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Best Boat To Learn How To Sail

The Com-Pac 16 is the best boat in the World to learn how to sail. Thatís a pretty strong statement. How can this be true? The next few paragraphs will explain why. The 16 has a moderate sail plan and 40% ballast to displacement ratio. Thatís good and good for a person learning to sail. The moderate sail plan means you can sail more often than other people that have racing or large sails on their boats. The ballast ratio means that anyone can see the ďcause and effectĒ while sailing. If a little boat is too tender (light ballast or no ballast), it will be too quick to tell whatís going on while sailing. Everyone sailing that type of boat needs to have already learned how to sail on a Com-Pac 16. Some people might say that the shoal keel is a shortcoming on a 16. I say that the shoal keel lets a new sailor know when he or she is over-powering the keel. A shoal keel will slide sideways and a deep keel will mush when over-powered. Both types of boat can be over-powered.

Why is the 16 so good at teaching sailors how to sail? Can you think of an airplane banking and doing tight maneuvers? Thatís what a 16 can do. A board boat like a Sunfish canít and a medium sized boat like 23 canít and certainly a big boat like a 27 or bigger canít. Can you think of yourself being on a 16 and sitting on the low side of the cockpit in light wind? You are making the sails hang in a position that gives them the right shape. Human weight in the cockpit of a 16 is moveable and shapes the sails and points the keel. Moving a human aft and on the low side points the keel in light wind. All boats follow their keel. You can see large boats with many, many people on the high side keeping it upright and driving the boat faster. The 16 can do the same thing with fewer people. A simple tack is a great maneuver. Some people do it well and others do it not so well. A POWER tack in a 16 leaves most other sailboats behind. A great tack is a graceful swing from one heeling attitude on one tack to the opposite heeling attitude on the other tack. Itís also the way small airplanes change direction. You should be able to get some exercise and look good at the same time if you practice.

What other sailboat can change its physical attitude to the waterís surface like a 16? I think the answer is none. Keep in mind, anyone can sail a sailboat in big winds, but it takes talent to sail one in the light stuff. Get good with a 16 and you can sail it anywhere. Maybe even in no wind. Learning to sail a 16 well can qualify you as a big boat skipper. I think of the 16 as a sports car and big boats as trucks. You have to know how to park a truck.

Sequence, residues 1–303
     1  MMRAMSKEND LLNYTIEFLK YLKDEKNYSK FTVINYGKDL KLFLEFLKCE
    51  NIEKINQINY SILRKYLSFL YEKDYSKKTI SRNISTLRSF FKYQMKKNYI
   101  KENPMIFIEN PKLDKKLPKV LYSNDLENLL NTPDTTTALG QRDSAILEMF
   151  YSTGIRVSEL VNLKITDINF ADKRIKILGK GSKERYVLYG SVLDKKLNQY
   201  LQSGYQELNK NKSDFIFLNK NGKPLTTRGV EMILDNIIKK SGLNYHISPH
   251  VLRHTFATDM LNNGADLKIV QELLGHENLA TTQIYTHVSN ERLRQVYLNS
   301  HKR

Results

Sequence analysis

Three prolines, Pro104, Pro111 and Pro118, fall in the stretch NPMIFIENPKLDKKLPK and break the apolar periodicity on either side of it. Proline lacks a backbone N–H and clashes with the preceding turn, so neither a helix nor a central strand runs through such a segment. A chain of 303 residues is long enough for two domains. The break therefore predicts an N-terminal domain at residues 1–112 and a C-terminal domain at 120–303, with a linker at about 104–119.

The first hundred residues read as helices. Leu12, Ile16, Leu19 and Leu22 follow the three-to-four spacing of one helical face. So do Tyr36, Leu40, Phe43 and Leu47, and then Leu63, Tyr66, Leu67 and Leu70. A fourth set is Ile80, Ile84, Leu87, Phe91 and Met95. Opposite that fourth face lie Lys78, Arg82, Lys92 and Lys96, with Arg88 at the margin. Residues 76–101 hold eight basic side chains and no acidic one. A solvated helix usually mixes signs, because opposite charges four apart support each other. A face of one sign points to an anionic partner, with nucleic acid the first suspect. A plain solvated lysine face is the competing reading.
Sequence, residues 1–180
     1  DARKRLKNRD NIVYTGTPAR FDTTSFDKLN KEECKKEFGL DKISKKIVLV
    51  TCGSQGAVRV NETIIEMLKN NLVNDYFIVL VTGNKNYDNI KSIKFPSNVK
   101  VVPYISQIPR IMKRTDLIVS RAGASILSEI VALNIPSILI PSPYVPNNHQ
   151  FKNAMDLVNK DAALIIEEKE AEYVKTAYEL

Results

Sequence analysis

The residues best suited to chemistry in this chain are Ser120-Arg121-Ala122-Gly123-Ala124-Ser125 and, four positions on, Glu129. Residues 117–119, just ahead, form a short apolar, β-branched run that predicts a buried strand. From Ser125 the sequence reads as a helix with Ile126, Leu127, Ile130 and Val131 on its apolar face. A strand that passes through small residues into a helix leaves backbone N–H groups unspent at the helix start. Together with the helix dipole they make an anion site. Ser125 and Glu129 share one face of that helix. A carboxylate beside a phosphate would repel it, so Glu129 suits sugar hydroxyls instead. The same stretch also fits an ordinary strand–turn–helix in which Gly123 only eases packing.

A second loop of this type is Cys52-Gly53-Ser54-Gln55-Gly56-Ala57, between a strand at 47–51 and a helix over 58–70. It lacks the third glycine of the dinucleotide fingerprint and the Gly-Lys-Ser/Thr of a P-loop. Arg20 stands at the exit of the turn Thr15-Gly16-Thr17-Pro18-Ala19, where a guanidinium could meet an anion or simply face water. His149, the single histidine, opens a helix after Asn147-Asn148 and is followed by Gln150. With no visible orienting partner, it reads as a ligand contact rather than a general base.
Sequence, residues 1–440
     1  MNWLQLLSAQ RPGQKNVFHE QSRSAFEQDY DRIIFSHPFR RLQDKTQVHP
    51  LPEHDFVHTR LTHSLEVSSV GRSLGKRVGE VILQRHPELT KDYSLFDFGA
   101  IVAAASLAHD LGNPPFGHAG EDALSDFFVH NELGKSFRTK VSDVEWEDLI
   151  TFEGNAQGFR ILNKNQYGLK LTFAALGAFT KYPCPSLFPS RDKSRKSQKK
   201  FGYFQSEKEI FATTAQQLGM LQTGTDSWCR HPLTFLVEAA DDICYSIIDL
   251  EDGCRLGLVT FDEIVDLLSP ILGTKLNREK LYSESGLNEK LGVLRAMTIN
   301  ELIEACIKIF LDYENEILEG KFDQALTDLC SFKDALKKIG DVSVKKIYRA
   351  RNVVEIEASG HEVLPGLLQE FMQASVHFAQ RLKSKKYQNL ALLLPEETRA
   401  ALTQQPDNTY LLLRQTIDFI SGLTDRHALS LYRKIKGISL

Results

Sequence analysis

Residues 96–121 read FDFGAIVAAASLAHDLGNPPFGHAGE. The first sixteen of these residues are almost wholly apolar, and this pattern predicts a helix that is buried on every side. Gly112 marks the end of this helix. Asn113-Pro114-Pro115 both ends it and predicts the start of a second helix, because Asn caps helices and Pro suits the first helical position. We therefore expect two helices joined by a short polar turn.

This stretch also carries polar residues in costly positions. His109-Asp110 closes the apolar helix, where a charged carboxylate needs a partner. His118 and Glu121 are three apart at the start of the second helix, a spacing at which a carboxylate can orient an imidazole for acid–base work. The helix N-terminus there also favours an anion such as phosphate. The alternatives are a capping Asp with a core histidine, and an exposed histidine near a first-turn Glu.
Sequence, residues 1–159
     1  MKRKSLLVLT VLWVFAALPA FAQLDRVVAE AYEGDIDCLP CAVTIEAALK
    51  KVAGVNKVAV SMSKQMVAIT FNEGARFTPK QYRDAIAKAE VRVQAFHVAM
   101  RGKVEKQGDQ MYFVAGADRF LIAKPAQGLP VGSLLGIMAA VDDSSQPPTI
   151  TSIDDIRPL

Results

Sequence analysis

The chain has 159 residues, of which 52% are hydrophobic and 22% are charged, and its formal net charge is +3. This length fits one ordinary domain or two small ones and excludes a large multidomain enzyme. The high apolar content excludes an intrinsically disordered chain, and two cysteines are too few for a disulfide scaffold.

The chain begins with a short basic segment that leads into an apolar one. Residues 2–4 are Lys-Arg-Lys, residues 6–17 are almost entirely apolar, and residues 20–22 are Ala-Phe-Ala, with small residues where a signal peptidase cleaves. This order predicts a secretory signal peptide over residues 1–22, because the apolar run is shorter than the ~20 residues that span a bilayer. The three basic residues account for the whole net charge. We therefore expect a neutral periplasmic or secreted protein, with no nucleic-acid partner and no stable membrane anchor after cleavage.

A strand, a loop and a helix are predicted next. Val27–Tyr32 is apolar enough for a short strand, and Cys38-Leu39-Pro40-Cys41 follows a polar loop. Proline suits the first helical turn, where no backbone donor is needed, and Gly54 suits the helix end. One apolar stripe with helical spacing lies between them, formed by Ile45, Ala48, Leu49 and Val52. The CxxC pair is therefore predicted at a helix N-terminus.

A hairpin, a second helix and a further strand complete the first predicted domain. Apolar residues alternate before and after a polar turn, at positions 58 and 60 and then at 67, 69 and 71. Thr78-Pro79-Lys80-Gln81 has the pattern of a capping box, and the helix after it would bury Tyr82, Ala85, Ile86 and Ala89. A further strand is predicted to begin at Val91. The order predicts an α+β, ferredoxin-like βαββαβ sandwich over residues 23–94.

How will you know when you reach that point of perfection called ďgoodĒ? A good 16 sailor is one that can sail home when the engine fails. He or she can handle the boat like itís an extension of their being. You donít have to think about the physical aspects of sailing, you do it automatically. If you are an experienced driver, you donít have to think about driving your car down a road. You did in the beginning, but not after you got good at driving. Itís the same with sailing and that means you need to sail every chance you get.

I guess I had better tell you the easy way to get good at sailing. Just about every Com-Pac 16 has a compass. I'm not sure why, but most of them do. We normally don't use them for navigation and they get old and ugly with time. You also need a pencil and paper to record your bearings. Sail a course as close to the wind as possible while maintaining boat speed. Record that heading. Tack and sail for some distance on this new heading. Record that heading. Keep track of the location (approximate) of where you were sailing. When you get home, lay out a chart of the water you were sailing on. Transfer the course information to the chart from your notes. We know from experience that a well-sailed 16 can sail 45 degrees to the wind and maybe a little better in good circumstances. Do the math on your courses sailed. They should be about 90 degrees apart. That's 45 degrees to the wind on each leg. If that's not the case, you need to know why not. The terrain, current and waves cause the biggest pointing errors. Sailing well on the wind is 75% of sailing. The other 25% is getting good at a beam and broad reach. Just about everyone can go down wind with no practice.

Once you have the physical aspects of sailing down pat, you can start analyzing your surroundings to see how they affect your sailing. The terrain, current and waves will determine how well you sail. When I'm sailing, I think about which homeport is possible under a sail only situation. It has come in handy more than once.